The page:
Social and economic effects on primary pupils’reading achievement: findings from Southern and East Africa

Type Working Paper
Title Social and economic effects on primary pupils’reading achievement: findings from Southern and East Africa
Publication (Day/Month/Year) 2010
This study goes beyond the well-established link between pupils? socio-economic status (SES) and
their achievement in school through investigating what material resources in the home and social
influences give primary school students an advantage in learning to read. This is done through
investigating the pupil characteristics that correlate with reading achievement in the second wave of
data collected by the Southern and East African Consortium for Monitoring Education Quality
(SACMEQ) in 2000-2. The study focuses on six low income countries (Kenya, Malawi, Mozambique,
Tanzania, Uganda and Zambia) and four small middle income Southern African states (Botswana,
Lesotho, Namibia and Swaziland). The variables investigated are divided into four themes: pupil
individual background (e.g. gender, school location, frequency of use of language of instruction
outside of school); living conditions (e.g. access to water and electricity, number of meals eaten in a
day); educational resources and support for learning in the home (e.g. access to books and interest
of adults in education); and social influences (e.g. parental education, peer influence).
Some well-known associations between pupil background factors are confirmed, such as the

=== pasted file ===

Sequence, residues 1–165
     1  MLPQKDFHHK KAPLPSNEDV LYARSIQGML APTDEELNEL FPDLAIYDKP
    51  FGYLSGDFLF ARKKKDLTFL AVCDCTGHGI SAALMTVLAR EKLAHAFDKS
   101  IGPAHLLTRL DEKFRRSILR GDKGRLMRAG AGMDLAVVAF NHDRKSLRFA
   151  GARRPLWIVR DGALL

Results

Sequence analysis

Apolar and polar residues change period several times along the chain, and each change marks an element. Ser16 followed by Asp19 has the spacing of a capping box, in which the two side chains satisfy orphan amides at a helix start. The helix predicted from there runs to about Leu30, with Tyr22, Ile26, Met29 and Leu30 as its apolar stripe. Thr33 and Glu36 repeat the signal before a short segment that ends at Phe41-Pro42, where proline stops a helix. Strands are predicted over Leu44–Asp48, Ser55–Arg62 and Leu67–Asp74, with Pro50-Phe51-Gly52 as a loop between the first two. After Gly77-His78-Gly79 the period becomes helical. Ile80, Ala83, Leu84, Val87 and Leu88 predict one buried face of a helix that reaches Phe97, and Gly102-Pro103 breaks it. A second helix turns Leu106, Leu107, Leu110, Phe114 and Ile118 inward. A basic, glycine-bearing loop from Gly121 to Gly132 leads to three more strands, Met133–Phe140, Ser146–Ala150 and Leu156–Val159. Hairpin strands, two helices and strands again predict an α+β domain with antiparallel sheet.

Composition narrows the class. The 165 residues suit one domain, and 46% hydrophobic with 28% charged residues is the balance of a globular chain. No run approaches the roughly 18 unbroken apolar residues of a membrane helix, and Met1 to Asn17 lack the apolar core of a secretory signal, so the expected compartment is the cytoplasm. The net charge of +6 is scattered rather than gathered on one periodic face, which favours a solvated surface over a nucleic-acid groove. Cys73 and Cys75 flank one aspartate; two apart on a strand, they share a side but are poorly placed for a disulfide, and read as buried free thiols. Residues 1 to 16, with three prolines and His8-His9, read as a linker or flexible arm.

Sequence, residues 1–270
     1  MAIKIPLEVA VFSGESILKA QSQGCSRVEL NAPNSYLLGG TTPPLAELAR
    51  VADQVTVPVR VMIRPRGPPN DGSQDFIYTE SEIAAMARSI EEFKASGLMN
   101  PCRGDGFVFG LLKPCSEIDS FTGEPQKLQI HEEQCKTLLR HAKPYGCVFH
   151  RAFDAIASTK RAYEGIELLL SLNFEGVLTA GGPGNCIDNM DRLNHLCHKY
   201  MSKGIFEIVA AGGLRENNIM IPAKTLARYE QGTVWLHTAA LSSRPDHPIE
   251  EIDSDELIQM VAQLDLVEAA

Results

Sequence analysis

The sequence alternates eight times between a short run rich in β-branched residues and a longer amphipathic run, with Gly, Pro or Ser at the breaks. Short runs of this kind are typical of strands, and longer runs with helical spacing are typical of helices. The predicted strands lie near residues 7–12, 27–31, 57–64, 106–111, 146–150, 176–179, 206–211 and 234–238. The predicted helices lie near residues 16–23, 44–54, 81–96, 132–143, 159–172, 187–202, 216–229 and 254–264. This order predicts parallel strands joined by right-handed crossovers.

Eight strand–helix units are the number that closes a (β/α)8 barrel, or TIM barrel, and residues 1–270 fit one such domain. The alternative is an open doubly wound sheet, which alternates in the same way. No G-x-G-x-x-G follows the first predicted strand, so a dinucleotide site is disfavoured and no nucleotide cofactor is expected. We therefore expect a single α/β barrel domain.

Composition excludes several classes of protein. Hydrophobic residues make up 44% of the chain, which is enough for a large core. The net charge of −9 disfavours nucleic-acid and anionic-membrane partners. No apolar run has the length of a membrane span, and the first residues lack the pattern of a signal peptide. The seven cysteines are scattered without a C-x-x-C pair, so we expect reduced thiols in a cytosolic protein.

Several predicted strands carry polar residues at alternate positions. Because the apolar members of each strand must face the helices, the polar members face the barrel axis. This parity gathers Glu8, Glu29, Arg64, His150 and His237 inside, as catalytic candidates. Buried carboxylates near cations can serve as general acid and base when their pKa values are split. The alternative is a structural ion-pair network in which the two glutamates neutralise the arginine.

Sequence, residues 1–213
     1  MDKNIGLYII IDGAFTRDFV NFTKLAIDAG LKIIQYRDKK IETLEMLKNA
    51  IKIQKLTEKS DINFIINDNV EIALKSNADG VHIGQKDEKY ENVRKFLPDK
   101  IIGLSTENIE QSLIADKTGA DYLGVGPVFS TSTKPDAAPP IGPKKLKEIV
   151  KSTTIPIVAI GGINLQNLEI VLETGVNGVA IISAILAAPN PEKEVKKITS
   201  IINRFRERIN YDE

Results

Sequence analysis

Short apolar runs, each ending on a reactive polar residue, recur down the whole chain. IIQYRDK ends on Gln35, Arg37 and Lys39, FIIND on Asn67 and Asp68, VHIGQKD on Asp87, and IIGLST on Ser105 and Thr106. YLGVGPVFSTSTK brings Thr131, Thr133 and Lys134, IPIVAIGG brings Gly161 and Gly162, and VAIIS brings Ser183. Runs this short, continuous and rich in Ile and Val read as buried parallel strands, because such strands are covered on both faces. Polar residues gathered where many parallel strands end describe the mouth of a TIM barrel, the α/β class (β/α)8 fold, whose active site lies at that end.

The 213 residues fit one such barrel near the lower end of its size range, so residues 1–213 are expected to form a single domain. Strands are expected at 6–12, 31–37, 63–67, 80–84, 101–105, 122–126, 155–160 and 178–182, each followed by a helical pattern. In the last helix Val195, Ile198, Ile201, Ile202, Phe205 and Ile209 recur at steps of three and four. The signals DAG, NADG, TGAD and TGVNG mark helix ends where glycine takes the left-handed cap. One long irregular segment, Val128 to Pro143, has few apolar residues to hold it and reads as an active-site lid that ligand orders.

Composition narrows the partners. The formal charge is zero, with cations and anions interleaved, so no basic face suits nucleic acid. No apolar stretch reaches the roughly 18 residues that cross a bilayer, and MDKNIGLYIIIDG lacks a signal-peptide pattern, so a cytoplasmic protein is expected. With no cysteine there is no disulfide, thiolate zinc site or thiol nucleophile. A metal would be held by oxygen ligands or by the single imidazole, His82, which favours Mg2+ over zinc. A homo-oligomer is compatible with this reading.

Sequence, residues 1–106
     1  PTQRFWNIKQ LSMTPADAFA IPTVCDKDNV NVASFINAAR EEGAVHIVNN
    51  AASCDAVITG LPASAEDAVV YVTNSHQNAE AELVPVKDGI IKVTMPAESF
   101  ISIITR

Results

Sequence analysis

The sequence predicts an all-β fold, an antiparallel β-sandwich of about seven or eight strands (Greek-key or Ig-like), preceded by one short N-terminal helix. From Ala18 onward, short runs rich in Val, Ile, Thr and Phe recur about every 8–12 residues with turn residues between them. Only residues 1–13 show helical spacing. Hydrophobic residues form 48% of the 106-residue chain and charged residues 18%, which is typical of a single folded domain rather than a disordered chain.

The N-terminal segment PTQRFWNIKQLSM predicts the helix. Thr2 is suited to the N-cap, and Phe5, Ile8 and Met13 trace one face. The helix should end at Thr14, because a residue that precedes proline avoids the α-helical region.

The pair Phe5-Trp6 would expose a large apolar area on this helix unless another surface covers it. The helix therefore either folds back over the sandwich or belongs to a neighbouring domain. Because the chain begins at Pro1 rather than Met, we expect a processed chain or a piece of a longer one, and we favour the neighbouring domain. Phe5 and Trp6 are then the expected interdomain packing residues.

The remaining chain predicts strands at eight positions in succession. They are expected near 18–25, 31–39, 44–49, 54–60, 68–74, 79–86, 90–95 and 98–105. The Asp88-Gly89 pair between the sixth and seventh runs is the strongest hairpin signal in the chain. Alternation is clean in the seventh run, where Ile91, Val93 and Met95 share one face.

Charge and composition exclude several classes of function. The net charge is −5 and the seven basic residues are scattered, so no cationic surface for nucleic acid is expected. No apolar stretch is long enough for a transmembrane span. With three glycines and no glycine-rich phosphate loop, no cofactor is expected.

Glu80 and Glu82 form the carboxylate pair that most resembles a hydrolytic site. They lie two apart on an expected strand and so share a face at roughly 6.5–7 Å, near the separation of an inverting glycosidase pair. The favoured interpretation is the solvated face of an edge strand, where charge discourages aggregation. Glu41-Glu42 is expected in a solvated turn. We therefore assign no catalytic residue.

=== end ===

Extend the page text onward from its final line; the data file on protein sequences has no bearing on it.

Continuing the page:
advantage of speaking the language of instruction outside of school, progressing through primary
school without repeating a year, being well-nourished and having parents with post-basic levels of
education. With respect to these variables, the study offers a nuanced understanding of these
dependencies and some of their interactions within the East and Southern African region.
Interactions between gender and location revealed complex patterns of dependency. Individual
repetition and the peer effect of having large numbers of repeaters in a school has a greater impact
in the small Southern African states than the larger low income countries. Children who ate less than
two meals a day were very strongly disadvantaged. Resources available to learners in the home that
support reading and writing, such as books, artificial lighting and, in some countries, a table, were
associated with higher achievement. However, other indicators of SES that are not useful in reading
and writing, such as quality of building materials used in the home and access to water or electricity,
were either insignificant or had only a very small effect in a limited number of countries.

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